Emi, Frank Seishi


Frank Seishi Emi was born on September 23, 1916, in Los Angeles, to Yonosuke and Tsune Emi. He had a brother and two sisters. Emi attended local schools and in 1937 traveled to Japan for three months as part of a wrestling team. After school, he worked first in his father’s fruit and vegetable market and then started his own grocery store. Emi, his wife Amy, and daughter Kathleen lived in the Los Angeles neighborhood known as J-Flats. During the forced removal, they were sent first to the Pomona Assembly Center on May 10, 1942, and then to Heart Mountain on August 21, 1942. The family lived in 9-21-C, where they had a son, Grant, who was born on December 5, 1943. 

Emi answered No to Question 27 of the loyalty questionnaire. He gave a vague answer to Question 28, adding that “I am mentally incapable of answering surely.” He remained in Heart Mountain and became active in the Fair Play Committee after the start of the military draft in early 1944. Despite his activity in the Fair Play Committee, Emi was granted leave clearance in June 1944. Before Emi could leave, however, he was arrested on July 20, 1944, for encouraging men to violate the Selective Service Act with the other leaders of the Fair Play Committee. Emi was tried and convicted with the other Fair Play Committee leaders in October 1944. He was sentenced to four years in the federal prison at Fort Leavenworth, Kansas. But the federal appeals court in Denver overturned the conviction on December 26, 1945, ruling that the judge had erred in making his instructions to the jury in the 1944 case.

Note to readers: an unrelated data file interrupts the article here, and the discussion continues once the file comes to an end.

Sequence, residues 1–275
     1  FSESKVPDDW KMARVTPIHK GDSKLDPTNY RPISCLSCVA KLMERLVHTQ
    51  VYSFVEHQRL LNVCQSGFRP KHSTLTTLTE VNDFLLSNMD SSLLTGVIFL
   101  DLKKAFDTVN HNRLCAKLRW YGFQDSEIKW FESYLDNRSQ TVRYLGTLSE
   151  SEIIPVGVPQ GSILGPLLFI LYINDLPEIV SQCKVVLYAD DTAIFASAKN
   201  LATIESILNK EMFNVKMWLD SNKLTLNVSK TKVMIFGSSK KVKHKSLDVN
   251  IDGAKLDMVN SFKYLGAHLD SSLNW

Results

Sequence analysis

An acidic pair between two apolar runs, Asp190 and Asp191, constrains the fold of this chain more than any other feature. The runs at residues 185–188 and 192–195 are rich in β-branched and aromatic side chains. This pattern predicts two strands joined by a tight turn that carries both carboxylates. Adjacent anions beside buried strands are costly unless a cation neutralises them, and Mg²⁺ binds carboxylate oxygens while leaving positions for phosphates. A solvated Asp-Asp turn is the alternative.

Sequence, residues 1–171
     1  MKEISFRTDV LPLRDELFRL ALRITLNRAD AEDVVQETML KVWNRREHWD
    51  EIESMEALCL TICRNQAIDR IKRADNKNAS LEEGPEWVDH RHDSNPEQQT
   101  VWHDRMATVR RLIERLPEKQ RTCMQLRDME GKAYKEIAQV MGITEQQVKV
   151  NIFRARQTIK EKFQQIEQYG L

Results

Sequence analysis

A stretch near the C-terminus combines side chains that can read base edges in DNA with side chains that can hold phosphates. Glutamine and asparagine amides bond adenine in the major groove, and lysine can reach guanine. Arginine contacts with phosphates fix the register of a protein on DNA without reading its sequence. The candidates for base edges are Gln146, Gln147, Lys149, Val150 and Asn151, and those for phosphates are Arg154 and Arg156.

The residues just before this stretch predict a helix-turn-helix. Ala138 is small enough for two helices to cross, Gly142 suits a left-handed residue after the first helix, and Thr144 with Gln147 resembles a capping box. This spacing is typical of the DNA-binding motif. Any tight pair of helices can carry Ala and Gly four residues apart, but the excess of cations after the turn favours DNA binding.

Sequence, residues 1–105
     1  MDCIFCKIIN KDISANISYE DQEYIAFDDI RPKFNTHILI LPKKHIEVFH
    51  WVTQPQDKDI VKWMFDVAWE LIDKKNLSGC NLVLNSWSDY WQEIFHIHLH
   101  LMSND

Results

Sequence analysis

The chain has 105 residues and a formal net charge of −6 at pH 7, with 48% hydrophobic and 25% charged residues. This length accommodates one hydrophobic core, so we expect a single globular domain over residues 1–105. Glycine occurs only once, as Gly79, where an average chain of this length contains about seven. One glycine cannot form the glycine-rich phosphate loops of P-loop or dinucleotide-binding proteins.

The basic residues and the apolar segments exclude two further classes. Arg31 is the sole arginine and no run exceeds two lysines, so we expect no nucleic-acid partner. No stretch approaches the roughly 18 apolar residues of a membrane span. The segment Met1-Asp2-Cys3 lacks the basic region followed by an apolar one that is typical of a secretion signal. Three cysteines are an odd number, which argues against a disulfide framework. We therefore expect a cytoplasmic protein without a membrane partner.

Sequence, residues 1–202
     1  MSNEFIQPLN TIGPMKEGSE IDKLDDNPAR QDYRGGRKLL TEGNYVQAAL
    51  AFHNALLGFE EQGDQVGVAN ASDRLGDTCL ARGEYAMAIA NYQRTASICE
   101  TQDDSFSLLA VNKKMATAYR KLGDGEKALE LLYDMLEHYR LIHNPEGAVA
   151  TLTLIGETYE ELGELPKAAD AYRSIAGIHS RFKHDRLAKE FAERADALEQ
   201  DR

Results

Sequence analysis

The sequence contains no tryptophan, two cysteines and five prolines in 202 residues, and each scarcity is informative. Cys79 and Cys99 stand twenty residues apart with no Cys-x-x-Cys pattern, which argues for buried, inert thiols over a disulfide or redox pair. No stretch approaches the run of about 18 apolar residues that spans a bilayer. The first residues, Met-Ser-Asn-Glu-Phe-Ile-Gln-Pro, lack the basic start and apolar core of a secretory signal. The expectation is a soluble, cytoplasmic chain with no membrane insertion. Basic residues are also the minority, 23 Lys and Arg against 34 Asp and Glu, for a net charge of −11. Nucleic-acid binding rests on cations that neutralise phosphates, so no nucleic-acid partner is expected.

After his release from prison, Emi returned to his family in Los Angeles, where he worked for the U.S. Postal Service. Emi appeared in documentaries about the draft resisters and spoke often to groups about the civil rights issues involved in the resistance. He died on December 1, 2010, in West Covina, California.

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